Wednesday, February 07, 2007

Art Blogging On Request: Resurrection by Piero della Francesca

Requested by Jonathan Marlowe.

Piero della Francesca (1415-1492) was an Italian Early Renaissance painter, mathematician and theorist. Emerging from the Medieval tradition, he pioneered the rediscovery of Classical norms and the formulation of visual perspective. He was a careful perfectionist who worked tirelessly to create a small number of truly outstanding works. The majesty of the Italian High Renaissance is indebted to his foundations.

This is Resurrection, a depiction of the victorious Christ rising from the grave before the sleeping Roman soldiers. Typical of Francesca's work, the figures are still, unmoving, solemn, and emotionless. Christ is shown as perfectly calm and serene, unshakable by death. This is Christ the King, Christ the Warrior -- who bears a battle standard in his hand.


(1463-1465, oil and tempera, at the Palazzo Communale of Borgo in Tuscany)

Jonathan, please tell us what this painting means to you.

3 comments:

Jonathan said...

I had Grady Locklear as my high school English teacher at Sumter High School in Sumter, SC. Grady went to United Methodist-related Wofford college (in Spartanburg, SC), at the age of 16. Anyway, while Grady was a student at Wofford, he befriended one of his classmates, whose name was Will Willimon. Grady and Will took some trips to Europe during their college days, and they always enjoyed looking at pieces of art, particulary from the Renaissance. Grady told me some stories about Will's college days that I won't repeat here.

When Grady became a high school English teacher, he spent about a month teaching his students Renaissance art. One of his favorite pieces was Pierro della Francesca's Resurrection. Grady emphasized the symetrical nature of the painting, as well as its triangular shape. Grady grew up as a Methodist, but by that time had become an Episcopalian. He knew that my father was a Methodist minister, and he told me about his friendship with Will Willimon (whom my father also knew from being in the SC conference). Grady really wanted me to go to college at Wofford, but he offered to take me to visit Duke one day and visit with Willimon (never did take him up on that offer). One day, after school, I asked my father if he knew this guy named Will Willimon. He said, "yes, and here's one of his books," and he whipped out The Gospel for the Person who has Everything, one of Willimon's very first books. I flipped through the book, and guess what painting was on the last page of the book? Yep, Pierro della Francesca's Resurrection. I showed the book to Grady the next day, and he laughed about the adventures that he and Will had throughout Europe.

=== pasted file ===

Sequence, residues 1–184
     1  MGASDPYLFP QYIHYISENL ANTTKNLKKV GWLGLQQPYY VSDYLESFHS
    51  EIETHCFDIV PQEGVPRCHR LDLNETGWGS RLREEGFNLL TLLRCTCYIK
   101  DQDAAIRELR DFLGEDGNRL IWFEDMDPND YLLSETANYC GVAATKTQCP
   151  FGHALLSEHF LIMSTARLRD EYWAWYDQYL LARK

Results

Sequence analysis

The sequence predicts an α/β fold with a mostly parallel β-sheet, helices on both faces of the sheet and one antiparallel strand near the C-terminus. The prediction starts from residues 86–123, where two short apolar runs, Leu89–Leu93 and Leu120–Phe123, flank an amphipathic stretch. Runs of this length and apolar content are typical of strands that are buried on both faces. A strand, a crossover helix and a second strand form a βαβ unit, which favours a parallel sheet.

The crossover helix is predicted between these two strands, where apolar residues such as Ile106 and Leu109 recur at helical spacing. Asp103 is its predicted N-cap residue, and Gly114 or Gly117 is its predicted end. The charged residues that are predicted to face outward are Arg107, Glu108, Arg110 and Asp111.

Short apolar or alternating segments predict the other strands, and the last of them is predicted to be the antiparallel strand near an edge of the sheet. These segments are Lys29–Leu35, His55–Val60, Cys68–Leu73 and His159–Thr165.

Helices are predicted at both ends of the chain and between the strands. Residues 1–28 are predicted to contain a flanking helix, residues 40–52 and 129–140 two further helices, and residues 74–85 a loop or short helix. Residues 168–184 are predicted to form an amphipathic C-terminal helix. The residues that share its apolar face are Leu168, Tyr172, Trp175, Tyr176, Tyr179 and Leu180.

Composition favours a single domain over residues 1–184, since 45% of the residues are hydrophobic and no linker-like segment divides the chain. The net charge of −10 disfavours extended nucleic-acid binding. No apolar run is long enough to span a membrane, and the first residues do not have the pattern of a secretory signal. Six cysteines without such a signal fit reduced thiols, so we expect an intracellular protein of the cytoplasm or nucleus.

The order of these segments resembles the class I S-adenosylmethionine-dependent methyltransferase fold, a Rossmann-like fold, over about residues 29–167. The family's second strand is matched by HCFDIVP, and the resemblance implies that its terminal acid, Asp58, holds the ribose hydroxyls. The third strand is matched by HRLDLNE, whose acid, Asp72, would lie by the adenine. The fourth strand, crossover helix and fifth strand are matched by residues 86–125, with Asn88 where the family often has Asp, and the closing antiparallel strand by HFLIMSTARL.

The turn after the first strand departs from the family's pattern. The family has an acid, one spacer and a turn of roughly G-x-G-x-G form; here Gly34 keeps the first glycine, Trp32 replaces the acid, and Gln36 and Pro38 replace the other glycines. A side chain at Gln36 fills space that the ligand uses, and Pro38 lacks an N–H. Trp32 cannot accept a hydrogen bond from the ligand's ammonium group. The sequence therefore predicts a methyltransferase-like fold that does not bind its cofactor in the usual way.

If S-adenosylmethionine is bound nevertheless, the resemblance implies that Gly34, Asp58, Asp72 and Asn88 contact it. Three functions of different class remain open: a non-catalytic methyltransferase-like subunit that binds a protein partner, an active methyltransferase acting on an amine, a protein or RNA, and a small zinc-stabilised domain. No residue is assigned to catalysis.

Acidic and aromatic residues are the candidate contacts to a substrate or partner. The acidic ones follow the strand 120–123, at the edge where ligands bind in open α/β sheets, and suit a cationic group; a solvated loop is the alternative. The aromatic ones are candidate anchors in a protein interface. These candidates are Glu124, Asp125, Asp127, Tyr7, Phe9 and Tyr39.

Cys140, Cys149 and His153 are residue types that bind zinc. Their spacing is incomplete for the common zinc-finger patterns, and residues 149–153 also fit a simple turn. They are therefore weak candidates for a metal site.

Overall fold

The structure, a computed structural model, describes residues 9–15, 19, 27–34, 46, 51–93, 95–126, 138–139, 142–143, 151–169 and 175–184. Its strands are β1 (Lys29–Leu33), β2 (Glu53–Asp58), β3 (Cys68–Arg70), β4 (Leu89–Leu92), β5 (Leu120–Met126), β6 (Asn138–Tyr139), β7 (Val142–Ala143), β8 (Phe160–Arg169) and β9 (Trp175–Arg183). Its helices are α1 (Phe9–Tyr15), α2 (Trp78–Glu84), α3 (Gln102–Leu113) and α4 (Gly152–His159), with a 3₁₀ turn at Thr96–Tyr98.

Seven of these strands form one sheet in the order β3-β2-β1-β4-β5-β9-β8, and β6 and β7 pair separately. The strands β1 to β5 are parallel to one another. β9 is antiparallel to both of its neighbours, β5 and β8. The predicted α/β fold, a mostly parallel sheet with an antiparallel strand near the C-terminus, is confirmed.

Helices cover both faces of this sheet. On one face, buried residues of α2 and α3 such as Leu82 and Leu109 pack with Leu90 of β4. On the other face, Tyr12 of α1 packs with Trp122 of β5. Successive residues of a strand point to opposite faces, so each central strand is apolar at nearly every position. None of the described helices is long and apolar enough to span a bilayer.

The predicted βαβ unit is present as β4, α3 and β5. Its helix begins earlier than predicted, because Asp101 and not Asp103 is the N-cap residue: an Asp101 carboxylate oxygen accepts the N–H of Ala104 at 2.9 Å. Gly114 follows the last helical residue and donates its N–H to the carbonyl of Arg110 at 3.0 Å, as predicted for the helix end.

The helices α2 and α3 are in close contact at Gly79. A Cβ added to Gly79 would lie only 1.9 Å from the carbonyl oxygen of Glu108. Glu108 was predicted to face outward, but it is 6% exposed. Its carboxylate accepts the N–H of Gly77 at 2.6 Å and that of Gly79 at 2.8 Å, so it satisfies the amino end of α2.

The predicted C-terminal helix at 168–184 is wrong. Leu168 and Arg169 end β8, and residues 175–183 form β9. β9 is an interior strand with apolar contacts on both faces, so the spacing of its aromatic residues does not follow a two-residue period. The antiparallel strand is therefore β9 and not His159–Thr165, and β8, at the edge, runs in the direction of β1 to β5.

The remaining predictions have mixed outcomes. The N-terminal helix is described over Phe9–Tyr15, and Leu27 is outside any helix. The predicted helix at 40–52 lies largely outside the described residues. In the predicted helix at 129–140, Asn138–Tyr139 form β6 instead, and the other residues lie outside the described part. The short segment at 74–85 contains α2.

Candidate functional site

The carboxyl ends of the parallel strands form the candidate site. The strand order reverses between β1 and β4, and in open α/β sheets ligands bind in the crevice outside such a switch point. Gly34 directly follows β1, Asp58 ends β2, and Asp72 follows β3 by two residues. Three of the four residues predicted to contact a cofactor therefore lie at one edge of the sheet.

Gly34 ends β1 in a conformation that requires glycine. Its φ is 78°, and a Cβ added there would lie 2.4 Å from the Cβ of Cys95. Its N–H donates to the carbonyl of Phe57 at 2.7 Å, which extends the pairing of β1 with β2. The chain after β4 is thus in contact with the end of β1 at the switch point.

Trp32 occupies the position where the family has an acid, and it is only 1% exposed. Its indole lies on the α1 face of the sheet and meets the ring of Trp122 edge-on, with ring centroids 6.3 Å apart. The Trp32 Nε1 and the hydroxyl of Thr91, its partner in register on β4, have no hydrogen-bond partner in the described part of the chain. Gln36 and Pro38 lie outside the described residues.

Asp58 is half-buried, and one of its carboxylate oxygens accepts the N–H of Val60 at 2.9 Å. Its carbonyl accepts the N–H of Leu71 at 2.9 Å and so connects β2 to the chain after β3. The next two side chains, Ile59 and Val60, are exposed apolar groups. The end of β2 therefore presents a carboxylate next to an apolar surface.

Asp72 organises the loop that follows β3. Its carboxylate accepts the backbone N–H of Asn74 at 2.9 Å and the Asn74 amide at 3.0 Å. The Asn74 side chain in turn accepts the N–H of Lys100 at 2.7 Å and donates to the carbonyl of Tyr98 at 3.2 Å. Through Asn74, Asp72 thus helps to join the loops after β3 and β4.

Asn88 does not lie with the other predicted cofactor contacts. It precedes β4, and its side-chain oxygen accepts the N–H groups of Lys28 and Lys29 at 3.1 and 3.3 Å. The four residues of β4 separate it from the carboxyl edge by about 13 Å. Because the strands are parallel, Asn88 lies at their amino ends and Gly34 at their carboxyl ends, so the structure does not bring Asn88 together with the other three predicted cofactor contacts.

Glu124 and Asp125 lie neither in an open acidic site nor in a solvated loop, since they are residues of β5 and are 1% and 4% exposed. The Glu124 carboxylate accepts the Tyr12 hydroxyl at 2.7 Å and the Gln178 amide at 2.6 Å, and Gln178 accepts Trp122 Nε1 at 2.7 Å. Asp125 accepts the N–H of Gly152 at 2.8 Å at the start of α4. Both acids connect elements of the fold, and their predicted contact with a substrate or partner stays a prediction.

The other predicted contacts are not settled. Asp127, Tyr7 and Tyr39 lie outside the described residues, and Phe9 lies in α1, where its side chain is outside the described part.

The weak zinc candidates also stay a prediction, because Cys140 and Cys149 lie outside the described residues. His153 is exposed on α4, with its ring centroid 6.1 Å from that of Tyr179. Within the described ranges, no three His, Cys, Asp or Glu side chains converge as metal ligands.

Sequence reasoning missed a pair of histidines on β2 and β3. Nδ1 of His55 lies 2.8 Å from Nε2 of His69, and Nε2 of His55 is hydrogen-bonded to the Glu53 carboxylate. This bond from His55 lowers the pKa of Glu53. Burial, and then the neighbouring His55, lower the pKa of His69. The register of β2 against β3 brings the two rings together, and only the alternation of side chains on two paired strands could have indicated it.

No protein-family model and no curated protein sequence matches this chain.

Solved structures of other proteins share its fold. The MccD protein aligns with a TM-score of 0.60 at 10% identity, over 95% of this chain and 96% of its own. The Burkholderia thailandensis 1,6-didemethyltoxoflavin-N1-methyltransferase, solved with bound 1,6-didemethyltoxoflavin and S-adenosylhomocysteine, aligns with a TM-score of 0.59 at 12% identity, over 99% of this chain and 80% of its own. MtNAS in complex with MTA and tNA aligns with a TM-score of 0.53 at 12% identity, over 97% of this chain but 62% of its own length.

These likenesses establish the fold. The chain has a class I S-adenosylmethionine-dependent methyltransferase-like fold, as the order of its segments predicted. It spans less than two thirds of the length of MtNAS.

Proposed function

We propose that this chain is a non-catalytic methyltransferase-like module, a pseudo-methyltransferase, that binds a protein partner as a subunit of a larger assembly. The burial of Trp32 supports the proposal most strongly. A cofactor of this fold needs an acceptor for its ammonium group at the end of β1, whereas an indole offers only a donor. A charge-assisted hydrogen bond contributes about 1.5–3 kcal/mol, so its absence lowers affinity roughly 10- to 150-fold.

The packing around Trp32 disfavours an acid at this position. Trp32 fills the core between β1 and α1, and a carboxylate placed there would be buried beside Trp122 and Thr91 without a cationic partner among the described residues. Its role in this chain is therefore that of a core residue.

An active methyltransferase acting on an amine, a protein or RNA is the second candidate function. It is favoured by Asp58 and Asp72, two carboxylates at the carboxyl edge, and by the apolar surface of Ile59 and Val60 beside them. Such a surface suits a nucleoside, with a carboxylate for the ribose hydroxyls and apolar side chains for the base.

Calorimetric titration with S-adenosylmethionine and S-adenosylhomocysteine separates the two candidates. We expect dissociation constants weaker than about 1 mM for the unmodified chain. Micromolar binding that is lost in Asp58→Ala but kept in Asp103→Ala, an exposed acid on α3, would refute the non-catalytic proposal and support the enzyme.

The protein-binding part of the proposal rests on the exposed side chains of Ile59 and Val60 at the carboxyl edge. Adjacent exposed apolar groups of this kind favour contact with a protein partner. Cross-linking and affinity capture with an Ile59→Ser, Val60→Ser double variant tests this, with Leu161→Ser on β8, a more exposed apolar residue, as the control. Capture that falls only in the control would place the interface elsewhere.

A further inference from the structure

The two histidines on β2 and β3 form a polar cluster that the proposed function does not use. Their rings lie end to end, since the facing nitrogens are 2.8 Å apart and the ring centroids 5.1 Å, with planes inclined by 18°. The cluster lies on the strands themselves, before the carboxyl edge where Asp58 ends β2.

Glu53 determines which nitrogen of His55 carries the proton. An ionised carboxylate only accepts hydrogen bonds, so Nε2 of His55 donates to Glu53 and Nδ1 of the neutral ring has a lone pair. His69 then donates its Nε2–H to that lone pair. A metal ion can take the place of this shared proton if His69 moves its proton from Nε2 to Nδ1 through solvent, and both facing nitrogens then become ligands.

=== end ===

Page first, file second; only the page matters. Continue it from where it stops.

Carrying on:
Well, as it turned out, I didn't go to Wofford or Duke for college, but instead I went to Emory. During my freshman year at Emory, I became intrigued with the writings of this guy named Stanley Hauerwas, who was the author of a book I had read for an undergraduate class in Christian ethics. At the end of that semester, I overheard my professor say that Hauerwas had teamed up with somebody named Willimon, and they were going to write a book together.

A year and a half later, Resident Aliens came out, and naturally, I was curious to read it. A year after that, when I visited Duke as a prospective seminary student, I looked up Willimon, and said, "I'm a friend of Grady Locklear," and we hit it off from there, although he told me not to believe everything that Grady had told me about his college days.

When I see that picture, I think of the best teacher I have ever had: Grady Locklear. For all of his teaching labors, Wofford College honored him with the degree Doctor of Humanities, an honor bestowed on him at the suggestion of a Wofford Trustee named Will Willimon.

Long story, but you did ask.

Jonathan said...

Oh yes, I almost forgot, at the theological level: the victory of Christ, the conquering lamb of God, so majestically won at Easter, and so beuatifully rendered in this painting, is foundational for my theology - as I assume it would be for any Christian.

UndergroundStaff said...

I'm a junior at Providence High in Charlotte, and I just went to a workshop taught by him. He was one of the nicest, most honest and most Southern men I have ever met. I would've loved to be in his English class. He told me all about Signature.